We draw our inspiration from our Crosier heritage and celebrate it liturgically on a number of days throughout the year. The primary feast day of the Crosiers, the Exaltation of the Holy Cross, reflects a spirituality focused on the triumphant Cross of Christ and our glorified Lord. When we celebrate these feasts, we are united with our Crosier ancestors and with our confreres around the world.
Early documents of the Order identify St. Odilia as a companion of St. Ursula, part of a group who were apparently martyred for their Christianity by Huns near Cologne. In 1286, Br. John of Eppa, a Crosier in the Paris community, received a vision to exhume the relics of three of Ursula’s companions: Christina, Basilia and Yma. He went to Cologne, found the relics, and transferred them to various churches. The next year, he received a vision from Ida and Odilia, also companions of Ursula.
According to some accounts, Odilia introduced herself as the daughter of Emperor Maromeus and companion of Ursula and insisted that John travel to Cologne and unearth her remains and those of her sister Ida. When told of this apparition, the prior at first refused permission for the trip; however, in 1287, Br. John left for Cologne. On Sept. 1, the Crosier brother and his priest companion found the grave under a pear tree and unearthed the relics. The archbishop of Cologne was present when the relics were removed. A few days later, the relics were on their way to the mother house of the Brethren of the Holy Cross at Huy. Along the journey, numerous miracles were reported as people came in contact with the relics. The relics were received in Huy amid great rejoicing. The relics were then placed in a wooden reliquary in the Crosier monastery at Huy. This feast day commemorates the arrival of St. Odilia’s relics to Huy.
A central figure in Crosier history, St. Helena was the mother of Emperor Constantine. According to legend, she found the True Cross and built the churches on the Mount of Olives in Jerusalem and a church in Bethlehem. She died around 330. The stories of the founding of the Crosiers, which are variations of the legends of the finding of the True Cross, give Helena an important role not just in finding the Cross, but in establishing the Order itself. St. Helena is seen as a founder of the Order that had perished under persecution and was re-founded at the time of Innocent III by Blessed Theodore de Celles. As a result, she was the principal patroness of the Order into the 16th century.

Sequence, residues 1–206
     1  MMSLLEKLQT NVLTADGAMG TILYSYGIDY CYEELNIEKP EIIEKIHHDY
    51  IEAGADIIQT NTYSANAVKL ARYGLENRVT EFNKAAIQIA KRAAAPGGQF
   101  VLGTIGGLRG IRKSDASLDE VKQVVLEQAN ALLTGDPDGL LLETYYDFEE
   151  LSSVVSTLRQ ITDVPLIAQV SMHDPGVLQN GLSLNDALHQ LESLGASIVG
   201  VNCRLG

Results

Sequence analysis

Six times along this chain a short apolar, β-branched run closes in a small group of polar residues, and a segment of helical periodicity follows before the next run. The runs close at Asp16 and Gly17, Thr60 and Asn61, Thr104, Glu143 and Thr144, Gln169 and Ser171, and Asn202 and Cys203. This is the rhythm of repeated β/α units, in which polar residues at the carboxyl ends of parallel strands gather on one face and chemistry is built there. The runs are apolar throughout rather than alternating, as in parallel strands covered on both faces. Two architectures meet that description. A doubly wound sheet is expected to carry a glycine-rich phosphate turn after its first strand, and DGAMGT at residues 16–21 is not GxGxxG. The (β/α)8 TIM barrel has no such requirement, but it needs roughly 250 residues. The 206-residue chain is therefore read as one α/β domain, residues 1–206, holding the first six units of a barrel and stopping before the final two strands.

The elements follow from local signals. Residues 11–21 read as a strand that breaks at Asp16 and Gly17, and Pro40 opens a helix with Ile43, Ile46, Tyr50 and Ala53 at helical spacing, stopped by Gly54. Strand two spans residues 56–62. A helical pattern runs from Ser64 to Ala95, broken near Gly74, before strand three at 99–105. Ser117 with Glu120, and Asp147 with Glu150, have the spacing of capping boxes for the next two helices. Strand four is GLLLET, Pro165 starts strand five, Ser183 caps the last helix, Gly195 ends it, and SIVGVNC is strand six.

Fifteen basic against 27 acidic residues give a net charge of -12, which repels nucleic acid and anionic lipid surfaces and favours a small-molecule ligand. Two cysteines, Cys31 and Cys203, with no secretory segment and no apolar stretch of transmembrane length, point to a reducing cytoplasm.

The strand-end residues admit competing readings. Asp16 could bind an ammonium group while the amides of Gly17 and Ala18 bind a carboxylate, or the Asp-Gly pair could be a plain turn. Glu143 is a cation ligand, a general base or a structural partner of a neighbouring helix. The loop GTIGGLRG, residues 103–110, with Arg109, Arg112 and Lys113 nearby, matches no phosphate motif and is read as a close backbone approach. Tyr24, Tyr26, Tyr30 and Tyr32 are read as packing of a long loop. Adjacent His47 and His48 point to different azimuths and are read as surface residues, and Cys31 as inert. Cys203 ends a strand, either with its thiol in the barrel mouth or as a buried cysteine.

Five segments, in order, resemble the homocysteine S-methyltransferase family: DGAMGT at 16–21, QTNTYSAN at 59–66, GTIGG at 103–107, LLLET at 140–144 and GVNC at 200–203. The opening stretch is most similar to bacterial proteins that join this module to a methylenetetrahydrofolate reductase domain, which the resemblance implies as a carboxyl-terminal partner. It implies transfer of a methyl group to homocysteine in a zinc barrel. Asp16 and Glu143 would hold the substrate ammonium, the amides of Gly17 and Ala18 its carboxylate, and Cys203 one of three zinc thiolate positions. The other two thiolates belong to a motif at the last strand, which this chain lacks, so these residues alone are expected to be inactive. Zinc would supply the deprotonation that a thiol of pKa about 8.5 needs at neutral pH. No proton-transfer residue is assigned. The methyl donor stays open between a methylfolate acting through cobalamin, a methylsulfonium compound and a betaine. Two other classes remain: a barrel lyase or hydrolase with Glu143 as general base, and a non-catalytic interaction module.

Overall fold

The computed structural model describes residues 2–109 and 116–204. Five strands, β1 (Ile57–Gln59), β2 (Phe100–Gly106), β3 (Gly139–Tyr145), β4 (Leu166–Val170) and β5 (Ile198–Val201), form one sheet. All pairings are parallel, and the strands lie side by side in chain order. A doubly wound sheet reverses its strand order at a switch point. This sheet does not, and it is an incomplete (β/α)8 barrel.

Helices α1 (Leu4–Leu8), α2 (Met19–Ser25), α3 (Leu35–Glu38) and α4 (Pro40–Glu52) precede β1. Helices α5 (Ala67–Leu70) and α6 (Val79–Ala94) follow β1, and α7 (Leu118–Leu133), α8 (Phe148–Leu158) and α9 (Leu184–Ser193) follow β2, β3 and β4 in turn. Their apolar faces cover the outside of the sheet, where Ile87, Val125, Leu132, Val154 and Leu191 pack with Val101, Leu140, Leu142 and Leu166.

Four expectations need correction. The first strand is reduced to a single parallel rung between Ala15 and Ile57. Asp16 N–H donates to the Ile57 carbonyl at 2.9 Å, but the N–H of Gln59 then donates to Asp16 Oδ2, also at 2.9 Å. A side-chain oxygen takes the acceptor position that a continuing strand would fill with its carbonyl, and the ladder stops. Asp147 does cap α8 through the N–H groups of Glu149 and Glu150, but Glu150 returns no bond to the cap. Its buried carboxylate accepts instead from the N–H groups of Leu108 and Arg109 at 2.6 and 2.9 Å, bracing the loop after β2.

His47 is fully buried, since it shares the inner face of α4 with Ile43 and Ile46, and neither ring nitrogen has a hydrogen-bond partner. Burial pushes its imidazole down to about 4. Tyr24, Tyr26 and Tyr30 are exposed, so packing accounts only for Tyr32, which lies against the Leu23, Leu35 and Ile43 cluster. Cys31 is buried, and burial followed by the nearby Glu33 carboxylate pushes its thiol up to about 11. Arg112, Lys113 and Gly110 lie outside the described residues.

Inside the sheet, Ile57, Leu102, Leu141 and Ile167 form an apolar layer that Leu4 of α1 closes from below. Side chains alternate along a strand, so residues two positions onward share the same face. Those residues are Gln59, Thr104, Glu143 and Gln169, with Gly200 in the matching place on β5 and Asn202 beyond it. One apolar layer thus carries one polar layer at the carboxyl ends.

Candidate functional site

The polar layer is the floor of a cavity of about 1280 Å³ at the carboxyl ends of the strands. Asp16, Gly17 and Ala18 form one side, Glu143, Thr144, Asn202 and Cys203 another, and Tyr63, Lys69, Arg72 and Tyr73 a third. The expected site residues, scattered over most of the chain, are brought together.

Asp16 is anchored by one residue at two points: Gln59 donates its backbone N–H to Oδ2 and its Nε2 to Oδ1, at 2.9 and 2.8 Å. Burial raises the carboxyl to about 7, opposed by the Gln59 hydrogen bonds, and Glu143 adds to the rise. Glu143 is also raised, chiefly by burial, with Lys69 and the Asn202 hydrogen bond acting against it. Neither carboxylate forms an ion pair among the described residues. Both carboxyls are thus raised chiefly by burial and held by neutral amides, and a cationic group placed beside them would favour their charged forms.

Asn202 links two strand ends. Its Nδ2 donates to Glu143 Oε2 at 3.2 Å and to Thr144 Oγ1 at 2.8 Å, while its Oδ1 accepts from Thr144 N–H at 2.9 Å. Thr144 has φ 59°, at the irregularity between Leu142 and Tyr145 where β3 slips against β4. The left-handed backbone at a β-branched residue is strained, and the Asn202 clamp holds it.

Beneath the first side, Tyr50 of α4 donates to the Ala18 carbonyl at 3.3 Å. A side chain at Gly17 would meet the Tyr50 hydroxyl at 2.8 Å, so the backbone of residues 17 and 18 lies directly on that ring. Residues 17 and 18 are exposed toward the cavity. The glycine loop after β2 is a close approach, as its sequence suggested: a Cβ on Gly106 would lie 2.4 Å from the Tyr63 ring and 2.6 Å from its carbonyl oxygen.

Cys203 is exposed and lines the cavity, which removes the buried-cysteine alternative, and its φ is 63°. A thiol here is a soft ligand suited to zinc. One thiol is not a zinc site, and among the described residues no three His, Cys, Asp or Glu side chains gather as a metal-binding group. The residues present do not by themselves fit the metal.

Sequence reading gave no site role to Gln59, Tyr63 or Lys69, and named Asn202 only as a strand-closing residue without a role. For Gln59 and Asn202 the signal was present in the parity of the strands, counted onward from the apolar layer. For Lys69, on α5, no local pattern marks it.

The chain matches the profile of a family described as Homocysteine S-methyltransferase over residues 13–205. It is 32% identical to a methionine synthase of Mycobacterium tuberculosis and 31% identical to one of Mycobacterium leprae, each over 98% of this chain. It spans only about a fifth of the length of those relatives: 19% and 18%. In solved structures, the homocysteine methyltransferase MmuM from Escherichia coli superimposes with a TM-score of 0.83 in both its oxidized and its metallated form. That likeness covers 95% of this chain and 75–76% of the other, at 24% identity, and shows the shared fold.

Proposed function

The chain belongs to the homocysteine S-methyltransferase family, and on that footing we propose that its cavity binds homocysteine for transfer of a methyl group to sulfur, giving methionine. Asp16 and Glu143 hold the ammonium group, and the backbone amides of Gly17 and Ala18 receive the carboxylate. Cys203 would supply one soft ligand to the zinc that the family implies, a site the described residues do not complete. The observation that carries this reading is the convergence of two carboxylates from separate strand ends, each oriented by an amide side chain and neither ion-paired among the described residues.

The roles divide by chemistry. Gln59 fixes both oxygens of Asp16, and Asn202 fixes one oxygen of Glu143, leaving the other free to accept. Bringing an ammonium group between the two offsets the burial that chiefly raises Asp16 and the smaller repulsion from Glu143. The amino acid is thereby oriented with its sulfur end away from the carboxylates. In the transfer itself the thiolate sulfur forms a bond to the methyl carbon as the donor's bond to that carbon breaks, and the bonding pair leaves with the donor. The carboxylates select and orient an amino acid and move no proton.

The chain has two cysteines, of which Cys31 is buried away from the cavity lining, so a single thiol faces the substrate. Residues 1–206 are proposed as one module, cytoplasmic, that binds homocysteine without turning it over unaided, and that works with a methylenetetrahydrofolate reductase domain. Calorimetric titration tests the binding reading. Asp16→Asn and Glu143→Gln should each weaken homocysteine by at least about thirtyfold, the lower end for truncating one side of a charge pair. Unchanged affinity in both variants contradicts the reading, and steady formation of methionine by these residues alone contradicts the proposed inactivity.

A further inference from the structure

Theodore of Celles (in present-day Belgium) is venerated as the primary founder of our Order. Theodore is first mentioned in the 17th-century work of Henricus Russelius, Chronicon Cruciferorum sine Synopsis Memorabilium Sacri et Canonici Ordinis Sanctae Crucis. According to Russelius, while participating in the Third Crusade, Theodore visited Jerusalem where he became acquainted with the Canons Regular of the Holy Sepulcher. He was attracted to their way of life, both their common prayer and their ministry. The bishop of Liege, whom Theodore accompanied on the Crusade, appointed him a canon of the cathedral of Liege when they returned home.
Theodore soon became interested in the community life of the canons of the cathedral. After he made a journey to southern France to preach against the Albigensians, he returned to Liege and renounced his position as a canon and took up residence near St. Theobald’s chapel outside Huy in a place called Clarus Locus (or Clairlieu).
In 1214, Theodore and his companions applied for confirmation of their foundation to papal authorities. Later, Theodore traveled to Rome, and Pope Innocent III confirmed his request to begin a religious community on May 3, 1216 (feast of the Invention [finding] of the Holy Cross). The earliest Crosiers, under the leadership of Theodore, were known as the Brethren of the Holy Cross. Little else is known of the life of our holy founder. It is believed that Theodore of Celles, the first prior of Clairlieu in Huy, died in 1236.